Now, I say all of this from experience. The people who are behind the camera and are holding the mics and the lights, they’re the real hard workers. I mean, they haul around all of their heavy equipment, spend hours to meticulously set it up, and hours more to pack it all up safely. And they do it day in and day out. Next to them, our work is easy; we just have to show up and do what our lines say. They, they’re the ones who make a good movie.
And the audience of course! If a tree falls in a forest, but there’s no one around to hear it, did it really fall?
So what does it take to make it in this industry of ours?
I think that not just for this but for the world over, one needs to have the patient. There’s going to be a lot of takes for a scene, and you may have to wait for hours for it to even happen. Now, The Breakup is my second movie and I had the experience from the previous one, so I know how things worked. But for those who were going through this for the first time, they were genuinely freaking out. They would be waking up at 4 and coming to the set by 7, and having their takes taken at 2 or 3. In the meantime, they’d be consumed with anxiety. And that’s when I’d step in and tell them to calm down. When your turn comes, you’re going to do the best you can. That’s it. You’re just going to have to wait for it.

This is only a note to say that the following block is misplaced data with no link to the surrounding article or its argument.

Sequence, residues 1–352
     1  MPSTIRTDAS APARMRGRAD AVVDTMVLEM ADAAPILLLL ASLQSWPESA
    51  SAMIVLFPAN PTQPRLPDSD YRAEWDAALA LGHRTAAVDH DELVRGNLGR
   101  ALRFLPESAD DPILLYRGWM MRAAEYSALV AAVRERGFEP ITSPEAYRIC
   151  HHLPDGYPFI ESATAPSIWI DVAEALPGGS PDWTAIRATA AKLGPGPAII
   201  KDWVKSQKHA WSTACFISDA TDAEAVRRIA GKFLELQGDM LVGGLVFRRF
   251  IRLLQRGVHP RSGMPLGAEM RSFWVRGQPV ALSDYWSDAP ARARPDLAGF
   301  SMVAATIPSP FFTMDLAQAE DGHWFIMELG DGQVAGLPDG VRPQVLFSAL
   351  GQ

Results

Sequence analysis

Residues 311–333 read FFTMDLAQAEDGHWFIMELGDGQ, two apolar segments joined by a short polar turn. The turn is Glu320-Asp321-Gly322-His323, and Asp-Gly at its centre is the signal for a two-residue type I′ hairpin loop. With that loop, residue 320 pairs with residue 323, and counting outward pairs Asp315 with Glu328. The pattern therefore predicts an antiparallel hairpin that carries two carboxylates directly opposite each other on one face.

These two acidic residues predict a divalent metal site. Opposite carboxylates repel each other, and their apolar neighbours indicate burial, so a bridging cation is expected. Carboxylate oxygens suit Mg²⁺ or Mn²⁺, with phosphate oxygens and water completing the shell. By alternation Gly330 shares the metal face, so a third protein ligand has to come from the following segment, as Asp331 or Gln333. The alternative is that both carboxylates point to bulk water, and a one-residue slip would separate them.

Now, not to sound rude or anything, what do you think? Do you think you’ll be able to make it?
I do. Most certainly. Much like how Akshay Kumar put it, if not an actor, I’m going to be a struggling actor. For me, there’s no back up. To be honest, I’ve never seen the appeal of backups. I mean, if you’re so sure about something and have the hard passion for it, why do you need a plan b?
Sure, it’s always good to be safe. With a work line like mine, it’s not a very secure path to pursue. But times are changing. The industry is getting better by the day. Previously, people of my age group shunned the Nepalese movie scene, but now, everyone wants a piece of it. Like me, people are excited and want to take on more and more projects. So, a promising future is in the horizon, and all I want is to be a part of it.
MUCH LIKE HOW AKSHAY
KUMAR PUT IT, IF NOT AN
ACTOR, I’M GOING TO BE A
STRUGGLING ACTOR. FOR ME,
THERE’S NO BACK UP.
And what’s in that future?
A lot, quite a lot. I can’t mention the specifics, but I do want to change some things in our industry. And of course, I’d love to more and diverse range of roles.
How about branching out from being an actor?
I want to try everything. I want to try my hand at dancing and singing because I feel that these aren’t something you’re born with, they’re something to work for. If you look at Ed Sheeran, have you heard his voice from before? The reason he sings
like an absolute angel now is because he practiced. And I intend to do the same.
A lot of actors grow up to be directors. Is this in the works for you as well?
Like you said, a lot do that, and that’s a pretty clichéd way of going about things. For me however, I don’t want anyone to take it in the wrong way, but I do love being in the lime light. I don’t think I’ll enjoy being behind the camera.
Now, just by talking to you, I get the feeling that you’re quite mature for your age. But you’re just 19; that’s really impressive. What do you think has contributed to this maturity?
I’d say experiences. I don’t want to say which ones, I’d like them to remain private, but I’ve been through a lot. And just learning from them has made me the person I am today.
WORDS: NIRVEEK PPJ SHAH | PHOTOS: GAURAV XHOMPATE SUNUWAR | MUA: SHRADDHA MASKEY | LOCATION: BHOJAN GRIHA, DILLIBAZAR